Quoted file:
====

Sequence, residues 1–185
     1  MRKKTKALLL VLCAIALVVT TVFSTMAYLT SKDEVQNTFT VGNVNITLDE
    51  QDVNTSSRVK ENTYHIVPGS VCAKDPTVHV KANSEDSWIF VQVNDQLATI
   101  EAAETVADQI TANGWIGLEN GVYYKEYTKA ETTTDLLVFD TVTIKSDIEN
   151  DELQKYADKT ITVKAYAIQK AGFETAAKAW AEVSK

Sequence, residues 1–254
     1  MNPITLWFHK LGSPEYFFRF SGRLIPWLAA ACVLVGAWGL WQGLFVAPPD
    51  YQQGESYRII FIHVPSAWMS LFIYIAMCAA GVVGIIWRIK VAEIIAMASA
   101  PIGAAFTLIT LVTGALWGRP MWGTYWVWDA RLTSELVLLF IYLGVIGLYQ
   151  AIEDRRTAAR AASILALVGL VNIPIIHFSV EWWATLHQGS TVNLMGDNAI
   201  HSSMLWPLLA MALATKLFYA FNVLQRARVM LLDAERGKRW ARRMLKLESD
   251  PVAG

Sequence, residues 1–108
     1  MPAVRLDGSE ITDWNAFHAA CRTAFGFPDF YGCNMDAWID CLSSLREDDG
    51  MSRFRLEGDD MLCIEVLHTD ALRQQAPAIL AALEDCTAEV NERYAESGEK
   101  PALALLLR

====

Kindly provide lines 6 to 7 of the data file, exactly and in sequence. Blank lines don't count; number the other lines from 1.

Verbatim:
Sequence, residues 1–254
     1  MNPITLWFHK LGSPEYFFRF SGRLIPWLAA ACVLVGAWGL WQGLFVAPPD